By Alan Prendergast
By Michael Roberts
By Michael Roberts
By Amber Taufen
By Patricia Calhoun
By William Breathes
By Michael Roberts
By Melanie Asmar
Life finally seemed to be turning around. She landed a job with Bonfils Blood Center, which provided the blood that had helped save her the night she was stabbed. The Denver district attorney was charging Thomas Luther with first-degree attempted murder. The trial would proceed after he was tried in January 1996 for the murder of Cher Elder.
On June 27, Smith underwent surgery. The vertebrae were carefully returned to their correct position--a move the surgeon had warned carried a risk of paralysis--and platinum plates were inserted to secure the bone.
In July, the bills--$76,000 all told--began to arrive. And so did a notice from Allstate stating the company would not pay.
Apparently, American Medical Security had been corresponding with Allstate and was demanding that it be reimbursed for the approximately $60,000 it had paid out for Smith's trauma surgeries.
Rubbing salt in the wound, in November Allstate filed a claim against Smith and American Medical in U.S. District Court, asking the judge to decide whether American Medical should receive the benefits or if the money should go to pay Smith's bills for the neck surgery.
Smith hired attorney Ronald Podboy, a former Denver deputy district attorney, to represent her. A month later, American Medical Security filed a countersuit against Smith and Allstate claiming that she was being "unjustly enriched" by Allstate paying for her neck surgery.
"Yeah, I tell you," Smith says bitterly, "I really felt unjustly enriched after being stabbed five times, having my neck broken and then having to go through surgery."
American Medical spokeswoman Jennifer Faulhaber, when asked about the company's stance that Heather Smith was being "unjustly enriched," replies, "We will not be making any comments at this time. It is not our policy to comment to newspapers."
At the time, American Medical insisted that it be reimbursed before the bills for the neck surgery were paid. That would leave only $27,000 of the $100,000 (another $13,000 had already been paid for other medical expenses) toward Smith's outstanding debt of $76,000.
Faced with a remaining debt of $49,000 (which didn't include her psychiatric bills or her attorney fees), Smith was warned by Podboy that she might have no other choice than to declare bankruptcy. "For Heather, it was a horrible possibility," Podboy recalls. "Not only because of the technical ramifications--ruining her credit for the next seven, ten years--but it would have been a defeat, a defeat she didn't feel she should be forced to accept just because she was attacked by some maniac.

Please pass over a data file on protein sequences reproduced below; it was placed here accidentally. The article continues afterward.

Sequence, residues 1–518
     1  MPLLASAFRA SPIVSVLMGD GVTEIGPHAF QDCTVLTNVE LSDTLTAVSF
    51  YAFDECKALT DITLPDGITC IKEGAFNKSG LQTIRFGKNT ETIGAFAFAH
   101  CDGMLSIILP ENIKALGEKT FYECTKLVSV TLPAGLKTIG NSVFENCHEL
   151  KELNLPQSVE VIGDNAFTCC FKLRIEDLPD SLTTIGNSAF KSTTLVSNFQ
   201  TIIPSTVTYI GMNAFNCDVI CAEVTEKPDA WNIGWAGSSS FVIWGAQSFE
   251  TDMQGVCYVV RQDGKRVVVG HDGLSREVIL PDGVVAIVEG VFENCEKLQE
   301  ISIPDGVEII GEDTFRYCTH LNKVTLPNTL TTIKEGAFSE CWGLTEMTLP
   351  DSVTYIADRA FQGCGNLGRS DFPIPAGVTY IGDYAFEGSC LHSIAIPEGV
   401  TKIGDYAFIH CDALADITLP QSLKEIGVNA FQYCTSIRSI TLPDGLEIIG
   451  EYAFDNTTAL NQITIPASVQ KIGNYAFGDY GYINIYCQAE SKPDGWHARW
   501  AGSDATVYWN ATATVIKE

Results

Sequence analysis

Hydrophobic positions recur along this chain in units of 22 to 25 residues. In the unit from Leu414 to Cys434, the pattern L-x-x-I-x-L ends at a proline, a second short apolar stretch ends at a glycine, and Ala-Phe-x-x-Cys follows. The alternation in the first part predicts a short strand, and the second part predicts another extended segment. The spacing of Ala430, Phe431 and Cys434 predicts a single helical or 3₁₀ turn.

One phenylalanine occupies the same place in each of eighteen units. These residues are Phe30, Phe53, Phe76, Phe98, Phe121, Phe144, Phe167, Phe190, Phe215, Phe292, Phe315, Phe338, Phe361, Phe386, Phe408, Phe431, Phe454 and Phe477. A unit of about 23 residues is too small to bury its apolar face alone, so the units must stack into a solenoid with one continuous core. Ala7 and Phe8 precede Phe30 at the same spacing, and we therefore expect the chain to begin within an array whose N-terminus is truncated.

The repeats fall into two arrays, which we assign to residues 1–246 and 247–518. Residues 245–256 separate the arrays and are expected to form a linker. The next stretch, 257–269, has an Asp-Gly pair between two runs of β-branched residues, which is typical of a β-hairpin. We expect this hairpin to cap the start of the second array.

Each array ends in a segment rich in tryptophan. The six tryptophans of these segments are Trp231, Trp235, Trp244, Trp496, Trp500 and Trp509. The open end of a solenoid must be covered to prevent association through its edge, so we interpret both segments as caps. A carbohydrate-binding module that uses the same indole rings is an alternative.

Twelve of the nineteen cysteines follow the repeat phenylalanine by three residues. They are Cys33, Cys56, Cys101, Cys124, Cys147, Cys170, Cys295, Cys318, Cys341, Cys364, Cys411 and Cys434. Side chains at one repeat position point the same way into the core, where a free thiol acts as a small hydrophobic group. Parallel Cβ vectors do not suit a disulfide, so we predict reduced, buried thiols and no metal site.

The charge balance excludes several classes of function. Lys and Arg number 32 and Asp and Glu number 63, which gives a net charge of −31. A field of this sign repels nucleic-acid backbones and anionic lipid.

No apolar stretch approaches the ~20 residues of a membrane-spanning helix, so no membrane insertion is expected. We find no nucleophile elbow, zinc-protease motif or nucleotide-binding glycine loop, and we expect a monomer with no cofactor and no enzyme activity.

"And then she was being accused in federal court of being 'unjustly enriched'...by lawyers who jump to the defense of insurance companies who don't want to pay."
In February 1996, Thomas Luther was found guilty in Jefferson County of second-degree murder for Cher Elder's death. Next, it would be Smith's turn to face Luther and his attorney, Lauren Cleaver, who had labeled her accusations "a bogus case."
"I thought that after I survived the assault, nearly losing my life, that things had gotten as bad as they would get," Smith says. "But now I was having to defend my character to the insurance companies and to Lauren Cleaver.
"It was the worst time of my life...even worse than being stabbed five times. I don't think I could ever kill myself, but I certainly thought that life sucked and wondered what I had ever done to deserve this."
Depressed and haunted by nightmares, Smith began to wonder if the things the insurance companies and Cleaver were intimating were true. Maybe she was at fault.
"But one day, I said, 'Enough of this.' I couldn't let the bad guys--Thomas Luther and the insurance companies--beat me. So I made a decision to start trying to get through each day and not worry about tomorrow."
That didn't necessarily sweep away her problems. By April, Smith was resigned to declaring bankruptcy. Podboy had been trying to negotiate with American Medical to accept less. The company's attorney "said that would be like accepting a poke in the eye," Podboy recalls. "I said, 'No, more like a stab in the neck.'" The sarcasm was noted, but the insurance companies weren't budging.
But two weeks before the trial, Bonfils, which is self-insured, offered to pay the outstanding debt for Smith's neck surgery if American Medical and Allstate would agree to pick up the rest.
Bonfils would not consider her broken neck a pre-existing condition. "Besides, we've had enough free advertising out of you," joked Smith's boss, Jackie Campeau, referring to a Bonfils TV spot seeking blood donors that featured Smith talking about her experience.
Podboy went to work to hammer out the agreement between Bonfils and the insurance companies, including asking Allstate to pay attorney fees. "Nothing's signed yet," he says, but he's confident the worst is over. And in the meantime, Podboy and attorney David Greene have filed a malpractice suit on behalf of Smith against the orthopedic surgeon who examined her a month after the attack and failed to notice her broken neck.
"Bonfils was a lifesaver for me...twice," Smith says. "It was a great burden off my shoulders, and that's when I knew that I could get through the trial. Bonfils came through for me when they didn't have to...not Allstate or American Medical, the money-grubbers."